Based on recent casual conversations and our own subjective gauge of the collective social media temperament of the times, the recent terrorist attacks in Paris have affected the world more than other recent episodes. Despite Paris being across the ocean, this one hit close to home and felt really "9/11ish." The pervasiveness of how fast news flows across social media, something that did not really exist in 2001, compounds our individual emotions into the aggregate spirit of the times. For the past week that spirit has been the collective feelings of sadness, fear and anger.
As crazy as it sounds, the events in Paris may not have happened if not for the weather in Vienna, Austria and a Polish "Lion.”
During the 16th and 17th centuries, the Ottoman Empire was at the height of its power and occupied what is now Eastern Europe, Western Asia, the Caucasus and Northern Africa. Under the rule of Suleiman the Magnificent, the empire's longest reigning king (who is also given credit for the rise of its "Golden Age"), the Ottomans wanted to extend its empire and its Islamic religious beliefs east into what is now Western Europe. After a successful spring and summer war campaign in the Balkans in 1529, Suleiman arrived in Vienna during late September, under-supplied and under-prepared for the European rainy season and an unseasonably heavy snowfall. After trying to wage war in these conditions, the Ottomans were promptly defeated during the first Battle of Vienna. They retreated and concentrated efforts in the Mediterranean with mixed success.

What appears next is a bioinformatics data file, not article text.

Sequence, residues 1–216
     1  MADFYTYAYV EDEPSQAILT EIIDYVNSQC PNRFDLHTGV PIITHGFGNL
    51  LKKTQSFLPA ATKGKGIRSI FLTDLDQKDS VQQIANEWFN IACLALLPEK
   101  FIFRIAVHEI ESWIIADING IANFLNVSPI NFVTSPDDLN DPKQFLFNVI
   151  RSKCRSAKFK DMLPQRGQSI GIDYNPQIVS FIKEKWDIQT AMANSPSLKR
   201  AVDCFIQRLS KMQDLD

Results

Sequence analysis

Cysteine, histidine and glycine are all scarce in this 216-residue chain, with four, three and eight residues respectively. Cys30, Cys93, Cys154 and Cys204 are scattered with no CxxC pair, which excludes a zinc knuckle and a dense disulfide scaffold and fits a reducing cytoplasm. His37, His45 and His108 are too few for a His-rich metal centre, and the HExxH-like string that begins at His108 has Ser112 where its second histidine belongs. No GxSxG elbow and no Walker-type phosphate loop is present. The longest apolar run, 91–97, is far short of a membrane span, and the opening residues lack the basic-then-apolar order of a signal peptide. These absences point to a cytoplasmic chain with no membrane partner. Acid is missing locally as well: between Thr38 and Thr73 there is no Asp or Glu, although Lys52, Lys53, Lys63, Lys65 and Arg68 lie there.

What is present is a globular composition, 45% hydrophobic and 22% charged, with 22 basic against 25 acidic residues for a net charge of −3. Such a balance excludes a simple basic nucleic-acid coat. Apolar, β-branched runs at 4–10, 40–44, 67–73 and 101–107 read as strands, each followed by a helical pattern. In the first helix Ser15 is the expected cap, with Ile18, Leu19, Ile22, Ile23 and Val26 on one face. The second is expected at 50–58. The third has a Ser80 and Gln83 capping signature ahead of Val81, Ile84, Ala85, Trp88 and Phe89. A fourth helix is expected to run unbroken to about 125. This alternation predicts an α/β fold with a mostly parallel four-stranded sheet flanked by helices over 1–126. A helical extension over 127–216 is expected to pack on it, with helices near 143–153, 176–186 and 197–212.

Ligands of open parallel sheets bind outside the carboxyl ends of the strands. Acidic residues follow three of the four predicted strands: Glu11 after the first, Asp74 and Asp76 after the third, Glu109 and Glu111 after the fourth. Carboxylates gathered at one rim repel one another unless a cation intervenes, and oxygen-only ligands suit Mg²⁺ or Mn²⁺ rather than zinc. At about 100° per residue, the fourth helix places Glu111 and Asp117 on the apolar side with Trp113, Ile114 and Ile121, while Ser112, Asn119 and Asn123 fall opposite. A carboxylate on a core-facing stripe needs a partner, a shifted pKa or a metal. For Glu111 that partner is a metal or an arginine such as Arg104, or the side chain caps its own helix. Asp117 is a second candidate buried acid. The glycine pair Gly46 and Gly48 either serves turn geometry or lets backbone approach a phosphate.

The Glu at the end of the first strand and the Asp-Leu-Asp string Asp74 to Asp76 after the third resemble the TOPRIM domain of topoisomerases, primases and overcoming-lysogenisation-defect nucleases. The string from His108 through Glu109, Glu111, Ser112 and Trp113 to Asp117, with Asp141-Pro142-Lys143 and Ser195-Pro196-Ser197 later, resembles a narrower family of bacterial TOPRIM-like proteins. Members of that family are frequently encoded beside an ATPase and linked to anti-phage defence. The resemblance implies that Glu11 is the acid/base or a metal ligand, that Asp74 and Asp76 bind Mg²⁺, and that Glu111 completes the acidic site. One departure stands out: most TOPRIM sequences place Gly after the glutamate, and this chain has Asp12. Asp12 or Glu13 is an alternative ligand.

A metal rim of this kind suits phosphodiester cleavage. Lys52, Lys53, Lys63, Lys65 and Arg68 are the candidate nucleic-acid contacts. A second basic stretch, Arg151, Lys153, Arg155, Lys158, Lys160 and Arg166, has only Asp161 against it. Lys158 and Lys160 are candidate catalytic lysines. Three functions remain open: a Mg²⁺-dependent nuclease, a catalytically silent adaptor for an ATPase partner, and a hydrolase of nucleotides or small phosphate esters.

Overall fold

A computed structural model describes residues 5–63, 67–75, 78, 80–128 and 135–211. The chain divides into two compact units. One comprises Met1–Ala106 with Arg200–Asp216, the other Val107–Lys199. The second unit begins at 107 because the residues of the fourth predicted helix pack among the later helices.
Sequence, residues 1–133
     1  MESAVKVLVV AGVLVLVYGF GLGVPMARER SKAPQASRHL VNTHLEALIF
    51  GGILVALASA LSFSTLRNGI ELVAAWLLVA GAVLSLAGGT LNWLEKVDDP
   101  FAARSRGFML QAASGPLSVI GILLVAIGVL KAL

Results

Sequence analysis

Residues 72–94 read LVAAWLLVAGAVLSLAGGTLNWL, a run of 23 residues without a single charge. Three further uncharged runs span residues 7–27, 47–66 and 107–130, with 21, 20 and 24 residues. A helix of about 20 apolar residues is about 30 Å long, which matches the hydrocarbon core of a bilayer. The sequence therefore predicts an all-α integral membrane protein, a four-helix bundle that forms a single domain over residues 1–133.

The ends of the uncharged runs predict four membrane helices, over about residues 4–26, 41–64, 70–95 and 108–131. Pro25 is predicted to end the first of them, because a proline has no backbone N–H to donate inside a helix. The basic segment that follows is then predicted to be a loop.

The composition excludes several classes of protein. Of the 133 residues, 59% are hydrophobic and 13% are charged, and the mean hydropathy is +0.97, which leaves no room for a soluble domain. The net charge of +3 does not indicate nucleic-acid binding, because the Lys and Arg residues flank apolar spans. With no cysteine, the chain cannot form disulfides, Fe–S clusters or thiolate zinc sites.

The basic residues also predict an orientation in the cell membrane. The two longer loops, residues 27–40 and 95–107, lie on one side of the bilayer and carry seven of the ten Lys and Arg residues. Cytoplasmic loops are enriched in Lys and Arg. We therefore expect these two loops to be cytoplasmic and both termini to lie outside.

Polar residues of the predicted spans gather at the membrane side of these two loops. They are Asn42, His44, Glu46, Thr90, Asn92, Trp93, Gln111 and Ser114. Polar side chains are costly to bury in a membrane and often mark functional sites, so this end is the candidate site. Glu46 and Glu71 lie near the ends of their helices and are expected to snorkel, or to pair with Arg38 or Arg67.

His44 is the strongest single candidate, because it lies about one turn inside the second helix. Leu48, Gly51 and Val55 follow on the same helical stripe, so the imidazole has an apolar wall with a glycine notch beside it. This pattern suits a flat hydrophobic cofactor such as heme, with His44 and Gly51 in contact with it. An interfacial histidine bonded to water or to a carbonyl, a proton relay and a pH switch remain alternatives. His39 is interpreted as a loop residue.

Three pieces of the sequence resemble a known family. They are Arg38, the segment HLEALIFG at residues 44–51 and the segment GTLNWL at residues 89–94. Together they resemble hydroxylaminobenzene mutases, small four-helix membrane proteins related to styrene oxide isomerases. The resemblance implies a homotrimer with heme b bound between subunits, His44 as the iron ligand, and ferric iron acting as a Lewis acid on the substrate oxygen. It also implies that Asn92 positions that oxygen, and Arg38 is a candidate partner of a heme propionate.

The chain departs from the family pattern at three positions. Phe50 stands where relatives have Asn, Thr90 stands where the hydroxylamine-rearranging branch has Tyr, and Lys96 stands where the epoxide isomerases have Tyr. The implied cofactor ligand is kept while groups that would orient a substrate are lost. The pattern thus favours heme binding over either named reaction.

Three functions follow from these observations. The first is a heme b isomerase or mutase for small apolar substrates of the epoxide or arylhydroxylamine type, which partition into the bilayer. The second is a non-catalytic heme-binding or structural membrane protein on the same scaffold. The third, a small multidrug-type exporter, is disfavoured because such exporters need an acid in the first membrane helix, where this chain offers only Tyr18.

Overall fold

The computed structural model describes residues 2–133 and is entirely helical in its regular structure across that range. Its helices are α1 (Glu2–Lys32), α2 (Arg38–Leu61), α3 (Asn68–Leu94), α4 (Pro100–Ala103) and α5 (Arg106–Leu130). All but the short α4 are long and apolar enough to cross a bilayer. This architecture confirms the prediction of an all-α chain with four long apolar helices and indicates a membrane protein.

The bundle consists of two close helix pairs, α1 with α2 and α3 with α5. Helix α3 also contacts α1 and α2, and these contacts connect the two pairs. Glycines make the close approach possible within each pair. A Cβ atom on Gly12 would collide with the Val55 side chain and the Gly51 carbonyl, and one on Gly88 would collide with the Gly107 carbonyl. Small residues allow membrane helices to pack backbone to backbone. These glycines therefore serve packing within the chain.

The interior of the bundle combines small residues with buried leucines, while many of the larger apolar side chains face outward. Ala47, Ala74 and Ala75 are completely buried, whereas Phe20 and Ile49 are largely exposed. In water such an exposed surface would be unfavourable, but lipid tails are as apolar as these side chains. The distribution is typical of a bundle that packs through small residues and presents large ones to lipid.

The Holy Roman Empire in Western Europe remained unchallenged by the Ottomans for another 150 years until Kara Mustafa, the Ottoman military general serving under the emperor (and Suleiman's great-great-great-great grandson) Mehmed IV, rolled into Vienna during 1683 for another go at it. This time around it was not the weather, but rather the battlefield heroics of the great Polish King John Sobieski during the second Battle of Vienna that put a final end to the Ottoman's Western European aspirations. After defeating the Ottoman army, he became known as the "Lion of Lechistan," and Pope Innocent XI called him the "Savior of Vienna and Western European civilization."
If the Lion was not successful way back in 1683, Europe could have been a very different place today. Matter of fact, given our current career choice and how the roots of today's stock and bond markets started in Amsterdam and the early city-states of Italy, we may have a completely different career today!
One of the ways we deal with the investment environment is through our understanding of multiple macro perspectives, e.g., big, thematic thinking about social trends, demographics, geopolitics, economics, etc. We do this with the full disclaimer that the world can be a completely different place if just one or two events take a different turn. Ever since the fall of the Berlin Wall in 1989, geopolitical instability has become a bigger force to reckon with when contemplating investment strategy.
Of course the world has always been unstable, but today countries and economies are more global and interconnected than ever before. In addition, investment markets have become more democratized. Said a different way, over the last 40 years investing has transitioned from something only a small group of rich people actively did to something that is broad-based and spread across the population, as more people actively invest for themselves through savings and retirement accounts. Therefore, the concern of geopolitical instability is propagated across more people and, therefore, more subject to the "spirit of the times."
Similar to 9/11, the world's response to this cowardly, barbaric and extremist act has the potential to be one of those events that, when we look back, changed the course of history. Only time will tell where all of this is headed and the ultimate impact on geopolitical instability.
The opinions expressed do not necessarily reflect those of author and are subject to change without notice.